Guevara has re-teamed with Soto for the storybook sequels Chato and the Party Animals and Chato Goes Cruisin', the first which earned her a second Pura Belpre award. In Chato and the Party Animals the cat throws a birthday party for his friend Novio, but when party time comes the birthday cat is nowhere to be found. Novio re-pals with Chato in Chato Goes Cruisin', which finds the two friends winning a free cruise, only to discover that the entire cruise ship is full of seasick dogs. Praising Chato and the Party Animals, Ann Welton wrote in School Library Journal that the "lively acrylic-on-scratch-board" artwork created by Guevara "have a verve and style that will make readers long to join the fun."
In her acceptance speech for her first Pura Belpre award, published in the Journal of Youth Services in Libraries, Guevara described the process of illustrating a chil-
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dren's book. "A good story gives me wings," the illustrator explained. "Wings to zoom me in, out, over the character's world…. Wings to carry me someplace worth going, someplace readers might wish to go." She cited as her main task "communicating the ideas and beliefs of a specific world" created by the author, her tools for communicating being "technique, palette, viewpoint, and subject matter." Immersing herself in the world of her characters, Guevara researches movies, books, settings, and other illustrations of the period or place where the story takes place. In the case of Chato's Kitchen, her immersion in the culture of the barrio even resulted in a vision: "Tijuana black velvet paintings" were the inspiration for much of Guevara's work for the book.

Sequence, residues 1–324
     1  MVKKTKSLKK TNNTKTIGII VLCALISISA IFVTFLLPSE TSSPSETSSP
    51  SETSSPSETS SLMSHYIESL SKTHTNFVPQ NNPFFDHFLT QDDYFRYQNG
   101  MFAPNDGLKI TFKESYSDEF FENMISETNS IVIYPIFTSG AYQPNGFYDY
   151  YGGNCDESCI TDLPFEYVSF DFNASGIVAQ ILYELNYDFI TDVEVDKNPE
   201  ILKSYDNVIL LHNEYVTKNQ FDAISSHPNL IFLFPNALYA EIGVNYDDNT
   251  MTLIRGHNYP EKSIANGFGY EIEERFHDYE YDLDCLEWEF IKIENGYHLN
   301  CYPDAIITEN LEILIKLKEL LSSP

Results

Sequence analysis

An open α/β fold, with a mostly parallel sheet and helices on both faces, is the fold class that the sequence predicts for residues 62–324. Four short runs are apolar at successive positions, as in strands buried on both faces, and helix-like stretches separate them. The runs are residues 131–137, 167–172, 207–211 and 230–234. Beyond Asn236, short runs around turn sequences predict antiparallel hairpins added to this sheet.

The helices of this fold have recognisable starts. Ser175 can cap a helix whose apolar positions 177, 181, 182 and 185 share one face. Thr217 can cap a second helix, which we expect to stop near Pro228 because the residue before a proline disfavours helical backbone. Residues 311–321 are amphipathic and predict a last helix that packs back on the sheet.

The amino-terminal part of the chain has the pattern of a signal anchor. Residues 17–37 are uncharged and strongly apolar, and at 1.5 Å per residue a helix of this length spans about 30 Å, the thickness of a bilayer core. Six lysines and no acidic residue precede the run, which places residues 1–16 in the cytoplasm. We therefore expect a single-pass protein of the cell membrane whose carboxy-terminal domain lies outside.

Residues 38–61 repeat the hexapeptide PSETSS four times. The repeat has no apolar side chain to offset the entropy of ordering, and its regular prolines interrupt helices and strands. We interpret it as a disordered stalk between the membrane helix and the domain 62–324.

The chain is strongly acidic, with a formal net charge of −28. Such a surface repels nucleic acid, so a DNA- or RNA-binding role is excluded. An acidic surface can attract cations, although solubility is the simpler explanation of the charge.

Biographical and Critical Sources
Booklist, January 15, 1993, p. 921; April 15, 1993, Janice Del Negro, review of The Boardwalk Princess, p. 1519; February 15, 1995, Kay Weisman, review of The King's Commissioners, p. 1092; November 15, 1998, Isabel Schon, review of Chato's Kitchen, p. 599; August, 2003, Hazel Rochman, review of Mud Soup, p. 1989.
Horn Book, September-October, 1995, pp. 591-592.
Journal of Youth Services in Libraries, spring, 1997, Susan Guevara, "Pura Belpre Award Acceptance Speech for Illustration 1995," pp. 273-275.
Kirkus Reviews, October 1, 2002, review of Tiger, Tiger, p. 1474.
Publishers Weekly, May 3, 1993, p. 308; February 6, 1995, review of Chato's Kitchen, pp. 84-85; March 6, 1995, p. 70.
School Library Journal, February, 1991, Denise Anton Wright, review of Emmett's Snowball, p. 73; March, 1993, p. 189; June, 1993, p. 98; July, 2000, Ann Welton, review of Chato and the Party Animals, p. 88; April, 2002, Luann Toth, "Pura Belpre Awards Announced in New Orleans," p. 10; December, 2002, Jody McCoy, review of Tiger, Tiger, p. 100.
Susan Guevara Home Page, http://www.susanguevara.com (January 3, 2006).